MAY 19, 2018
(WSVN) - A sewage leak inside a South Florida police department left evidence — soaked. The question now: could it sink pending criminal cases? 7's Brian Entin investigates in our special report called "Flood of Trouble."
Evidence laid out all over the floor of the Hollywood Police Department.
It was drying out after getting soaked in sewage.
Gordon Weekes, Broward Public Defender's Office: "I have never seen anything of this sort where sewage to that magnitude impacted a whole host of cases."
Police described it as a "significant sewage flood."
Contaminated water from the station's second floor spilled into the property room below.
7News obtained pictures of the damaged evidence. Clothing, documents, even DNA swabs — all impacted.
Gordon Weekes: "The sewage that may contain fecal matter, that can also contaminate those DNA pieces of evidence that they were holding to be used in trial."
The Broward Public Defender's Office says evidence in at least six of their cases was affected. But the problem is much bigger.
An internal police memo says "over 1,200 items had to be removed from the vault and dried."
They include evidence in unsolved crimes — from burglaries to shootings — and in cases where arrests "have" been made. Like items in the shocking case of animal cruelty against Ollie the pit bull stabbed and stuffed in a suitcase.
And clothing and DNA swabs in a machete attack caught on camera inside a restaurant.
The flood happened over a period of three days, starting back on Dec. 30, 2017.
Brian Entin: "Were you notified about this by Hollywood Police?"
Gordon Weekes: "No. We did not receive any notice."
It's not the first time there have been problems inside the Hollywood Police evidence unit. In 2014, 7News broke the story of 94 rape kits that had gone untested for years. And in 2017, Broward's inspector general reported more than $137,000 – and 1,000 pills were stolen from the evidence room.
John Scott, Broward Inspector General, February 2017: "We investigated allegations that the Hollywood Police Department's Property and Evidence unit was grossly mismanaged. We found that it was."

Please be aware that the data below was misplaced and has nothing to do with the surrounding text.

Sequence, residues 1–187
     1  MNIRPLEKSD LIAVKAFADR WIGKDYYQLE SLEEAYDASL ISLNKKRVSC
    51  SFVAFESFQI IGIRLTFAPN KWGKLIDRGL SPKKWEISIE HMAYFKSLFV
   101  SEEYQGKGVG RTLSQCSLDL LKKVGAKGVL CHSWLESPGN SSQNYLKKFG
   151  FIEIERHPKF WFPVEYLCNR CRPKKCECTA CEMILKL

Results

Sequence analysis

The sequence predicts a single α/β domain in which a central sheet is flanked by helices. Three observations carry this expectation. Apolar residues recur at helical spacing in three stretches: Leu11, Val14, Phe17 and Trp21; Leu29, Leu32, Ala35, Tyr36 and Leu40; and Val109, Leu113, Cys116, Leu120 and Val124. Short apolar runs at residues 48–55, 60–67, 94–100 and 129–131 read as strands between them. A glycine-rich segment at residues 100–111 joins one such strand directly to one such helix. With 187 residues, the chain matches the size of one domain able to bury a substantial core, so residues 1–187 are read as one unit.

And look at this — included in the inspector general report, a 2014 letter from a former Hollywood Police chief acknowledging, "The location of vault 2 is a concern as sewage and water pipes run through the area."
Ten months after that report was issued — sewage flooded vault 2.
Gordon Weekes: "Not only did they know that this could have occurred, they took no steps to ensure that it did not occur."
In a statement about the flood, police said, "To this point it has not compromised an investigation or the prosecution of a criminal case."
Police say that could change as investigators work on a case-by-case basis.
At Wednesday's city commission meeting, Hollywood Police Chief Chris O'Brien would not talk on camera about the flood, but the mayor did.
Hollywood Mayor Josh Levy: "You don't want any evidence ever damaged. It must be preserved for the sake of successful prosecution of criminal cases. So, I don't think you'll find anybody that's happy that sewage had burst into the evidence room."
The city is also discussing upgrading or replacing the old police headquarters.
The Broward State Attorney's Office was notified about the flood. They tell 7News they don't believe it will significantly compromise their pending cases.
Hollywood Police Department full statement:
"Here is what I can tell you about the plumbing leak at police headquarters over the New Year's holiday between December 30, 2017 and January 1, 2018. The department is aware of damage to evidence, but to this point it has not compromised an investigation or the prosecution of a criminal case. The status could change as investigators work on a case-by-case basis. As soon as the leak was discovered in one of the four property and evidence vaults, the police department immediately informed all necessary parties, including the State Attorney's Office. City staff and property and evidence clerks worked to ensure a thorough and careful cleanup in an effort to preserve the integrity of the materials stored in the impacted vault."
– Miranda Grossman, Public Information Manager
Broward State Attorney's Office full statement:
"I'm told the flood did not significantly compromise evidence in any pending criminal case. We are not aware of any delay caused to the processing of any case due to the flood. Most of the damage was to the outer packaging of stored items, and most of those items are related to closed or non-criminal prosecutions."
– Kristi Grimm, Office of the State Attorney